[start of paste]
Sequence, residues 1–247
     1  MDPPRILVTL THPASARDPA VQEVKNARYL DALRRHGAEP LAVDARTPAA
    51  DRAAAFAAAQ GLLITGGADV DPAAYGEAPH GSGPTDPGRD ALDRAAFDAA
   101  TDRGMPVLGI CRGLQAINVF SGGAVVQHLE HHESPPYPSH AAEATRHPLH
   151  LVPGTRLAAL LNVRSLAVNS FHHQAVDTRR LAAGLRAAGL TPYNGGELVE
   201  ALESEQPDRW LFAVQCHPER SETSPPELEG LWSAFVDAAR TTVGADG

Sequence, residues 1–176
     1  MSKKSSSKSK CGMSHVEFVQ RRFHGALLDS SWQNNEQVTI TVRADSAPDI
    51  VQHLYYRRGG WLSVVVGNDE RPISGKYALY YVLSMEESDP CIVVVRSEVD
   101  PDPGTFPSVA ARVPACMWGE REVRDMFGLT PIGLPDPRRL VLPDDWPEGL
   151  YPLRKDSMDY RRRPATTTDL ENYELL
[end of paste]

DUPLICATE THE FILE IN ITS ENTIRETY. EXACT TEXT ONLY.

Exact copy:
Sequence, residues 1–247
     1  MDPPRILVTL THPASARDPA VQEVKNARYL DALRRHGAEP LAVDARTPAA
    51  DRAAAFAAAQ GLLITGGADV DPAAYGEAPH GSGPTDPGRD ALDRAAFDAA
   101  TDRGMPVLGI CRGLQAINVF SGGAVVQHLE HHESPPYPSH AAEATRHPLH
   151  LVPGTRLAAL LNVRSLAVNS FHHQAVDTRR LAAGLRAAGL TPYNGGELVE
   201  ALESEQPDRW LFAVQCHPER SETSPPELEG LWSAFVDAAR TTVGADG

Sequence, residues 1–176
     1  MSKKSSSKSK CGMSHVEFVQ RRFHGALLDS SWQNNEQVTI TVRADSAPDI
    51  VQHLYYRRGG WLSVVVGNDE RPISGKYALY YVLSMEESDP CIVVVRSEVD
   101  PDPGTFPSVA ARVPACMWGE REVRDMFGLT PIGLPDPRRL VLPDDWPEGL
   151  YPLRKDSMDY RRRPATTTDL ENYELL